Believe the IoT hype or perish: Equipping today’s graduates for tomorrow’s tech — Peter Hirst

MIT Sloan Executive Director of Executive Education Peter Hirst

MIT Sloan Executive Director of Executive Education Peter Hirst

From Wired

I recently attended the second annual Internet of Things World Forum in Chicago, IL. In the opening keynote presentation, Wim Elfrink, Cisco’s EVP of Industry Solutions and Chief Globalization Officer, referenced Gartner’s latest version of its“Hype Cycle,” noted that IoT (the Internet of Things) has climbed over the past year to its peak. Yet, on closer inspection, the enviable place IoT is enjoying within this technology-evolution framework is actually named the “peak of inflated expectations,” a precarious high point where individual dazzling success stories of early adopters and visionary speculation are outshining wider market reticence and slow early adoption. In the model, this magical time is usually followed by a “trough of disillusionment,” then — if the market responds favorably to second and third-generation tech — the “slope of enlightenment,” and finally — if wide market adoption takes place — a “plateau of productivity.”

The conference certainly provided many vivid illustrations of success and the potential of IoT, but will this fledgling industry make it through the inevitable coming trough, and climb “high and right” on the chart with predicted tens of billions of connected devices, as was enthusiastically espoused by Elfrink in his opening remarks?

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Executive education opens its doors to the non-English speaking world — Peter Hirst and Laura Ziukaite-Hansen

The vast majority of executive education and business leadership programs in the U.S., Europe, and even parts of Asia are conducted solely in English. But for a large portion of global employees—about 40%*—this can be a significant barrier to learning and professional development.

While English may be considered the dominant language of global business**, it is certainly not the only language in which business is conducted. New poles of economic growth are emerging around the world, and a growing number of non-English speaking entrepreneurs and managers are creating new and exciting businesses in developing markets. They want to learn how to manage global teams, scale their existing businesses, expand their product lines, and develop their workforces. If they do not speak English with enough fluency to participate in executive education, everyone misses out—executives in all corners of the world have a lot to gain from and contribute to global management programs.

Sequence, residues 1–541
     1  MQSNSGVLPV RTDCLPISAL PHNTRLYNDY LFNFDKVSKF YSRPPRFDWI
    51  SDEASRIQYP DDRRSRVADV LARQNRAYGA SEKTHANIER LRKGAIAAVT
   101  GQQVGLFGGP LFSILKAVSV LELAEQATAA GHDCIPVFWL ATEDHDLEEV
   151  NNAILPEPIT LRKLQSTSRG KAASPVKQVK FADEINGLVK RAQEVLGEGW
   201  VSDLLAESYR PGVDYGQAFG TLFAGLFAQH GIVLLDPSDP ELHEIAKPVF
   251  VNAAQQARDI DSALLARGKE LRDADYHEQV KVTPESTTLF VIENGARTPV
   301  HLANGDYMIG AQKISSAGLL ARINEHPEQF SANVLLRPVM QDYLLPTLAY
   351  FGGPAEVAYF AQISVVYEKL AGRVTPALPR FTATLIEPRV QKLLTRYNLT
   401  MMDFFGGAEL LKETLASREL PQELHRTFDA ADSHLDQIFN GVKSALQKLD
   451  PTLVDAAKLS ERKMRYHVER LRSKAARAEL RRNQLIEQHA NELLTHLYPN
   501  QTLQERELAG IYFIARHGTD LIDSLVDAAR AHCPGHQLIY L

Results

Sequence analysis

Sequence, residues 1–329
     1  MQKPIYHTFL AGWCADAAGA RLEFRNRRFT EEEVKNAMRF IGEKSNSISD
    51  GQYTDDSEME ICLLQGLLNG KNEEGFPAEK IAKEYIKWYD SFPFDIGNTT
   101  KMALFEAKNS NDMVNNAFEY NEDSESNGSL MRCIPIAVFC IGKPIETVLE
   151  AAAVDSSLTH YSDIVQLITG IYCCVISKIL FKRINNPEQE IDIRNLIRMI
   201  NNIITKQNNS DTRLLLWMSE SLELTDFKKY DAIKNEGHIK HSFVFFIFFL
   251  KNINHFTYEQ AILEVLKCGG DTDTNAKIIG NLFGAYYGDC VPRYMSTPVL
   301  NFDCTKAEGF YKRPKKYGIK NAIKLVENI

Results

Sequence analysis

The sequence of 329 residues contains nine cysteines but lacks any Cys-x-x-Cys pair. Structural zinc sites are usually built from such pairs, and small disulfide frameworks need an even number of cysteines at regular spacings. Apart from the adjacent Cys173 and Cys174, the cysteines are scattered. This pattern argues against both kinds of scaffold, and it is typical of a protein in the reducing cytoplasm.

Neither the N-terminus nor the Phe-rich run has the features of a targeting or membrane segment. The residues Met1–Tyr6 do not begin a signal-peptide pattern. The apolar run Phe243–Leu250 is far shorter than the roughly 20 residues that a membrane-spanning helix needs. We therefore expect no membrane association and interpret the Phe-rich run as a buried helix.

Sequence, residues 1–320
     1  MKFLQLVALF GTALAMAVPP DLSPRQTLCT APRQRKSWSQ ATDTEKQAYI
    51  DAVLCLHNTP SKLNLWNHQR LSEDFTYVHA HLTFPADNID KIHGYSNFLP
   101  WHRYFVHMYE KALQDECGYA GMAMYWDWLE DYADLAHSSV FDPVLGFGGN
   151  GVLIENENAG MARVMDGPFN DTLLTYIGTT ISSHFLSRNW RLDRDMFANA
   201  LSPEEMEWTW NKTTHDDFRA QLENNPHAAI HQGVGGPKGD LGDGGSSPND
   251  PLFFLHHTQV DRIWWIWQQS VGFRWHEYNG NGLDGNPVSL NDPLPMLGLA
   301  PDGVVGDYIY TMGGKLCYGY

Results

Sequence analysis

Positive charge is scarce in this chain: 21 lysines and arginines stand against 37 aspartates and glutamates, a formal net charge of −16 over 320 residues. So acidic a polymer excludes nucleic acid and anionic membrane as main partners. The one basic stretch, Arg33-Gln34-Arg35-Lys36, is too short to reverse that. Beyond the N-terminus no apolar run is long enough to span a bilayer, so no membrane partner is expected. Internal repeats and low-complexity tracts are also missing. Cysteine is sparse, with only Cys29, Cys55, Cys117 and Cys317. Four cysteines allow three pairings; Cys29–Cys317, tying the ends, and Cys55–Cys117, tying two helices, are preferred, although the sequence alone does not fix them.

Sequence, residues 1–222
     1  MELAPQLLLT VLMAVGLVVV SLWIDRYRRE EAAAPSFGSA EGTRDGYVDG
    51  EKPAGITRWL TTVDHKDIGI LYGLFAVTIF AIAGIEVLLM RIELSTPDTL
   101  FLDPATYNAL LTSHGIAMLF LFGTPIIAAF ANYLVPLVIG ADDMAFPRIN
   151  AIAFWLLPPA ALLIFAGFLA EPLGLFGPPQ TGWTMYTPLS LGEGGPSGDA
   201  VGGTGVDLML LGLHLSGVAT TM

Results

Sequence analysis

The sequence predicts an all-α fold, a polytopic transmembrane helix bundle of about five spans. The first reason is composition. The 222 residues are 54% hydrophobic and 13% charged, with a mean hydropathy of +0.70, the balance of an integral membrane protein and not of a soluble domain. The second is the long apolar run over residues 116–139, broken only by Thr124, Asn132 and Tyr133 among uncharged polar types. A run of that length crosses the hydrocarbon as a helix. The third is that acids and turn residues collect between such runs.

This past winter, MIT Sloan Executive Education piloted the Global Executive Academy. Held on the business school campus, the two-week multi-lingual program brought together 38 executives from 15 countries to share a learning experience based on four of MIT Sloan’s most popular open-enrollment programs.

The Academy provided faculty-led programs focused on innovation, management, marketing, and organizational performance, all conducted in English and simultaneously translated—“United Nations style”—into Arabic, Mandarin, Portuguese, Russian, and Spanish.

Participants listened to translations using wireless headsets. All classroom discussions, presentation materials, and in-class videos were translated into the individual languages.

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Using technology to shape the future of executive education — Peter Hirst

There is growing interest in online programs as a way to expand the reach of executive education. However, that is balanced with our pedagogical philosophy at MIT Sloan, which involves high levels of engagement and interaction among faculty and students. A big question is: How do we keep that collaborative learning model in the context of an online program?

While there are many technologies to explore, we’re currently experimenting with one called AvayaLive™ Engage which offers an immersive online world in which participants interact in real time with avatars. We piloted it for executive education purposes last year by offering an online workshop for participants following an in-person program.  We learned a lot in terms of what was effective and what needed to be tweaked, but our big takeaway was that the platform provides a dynamic learning environment for participants. Read More »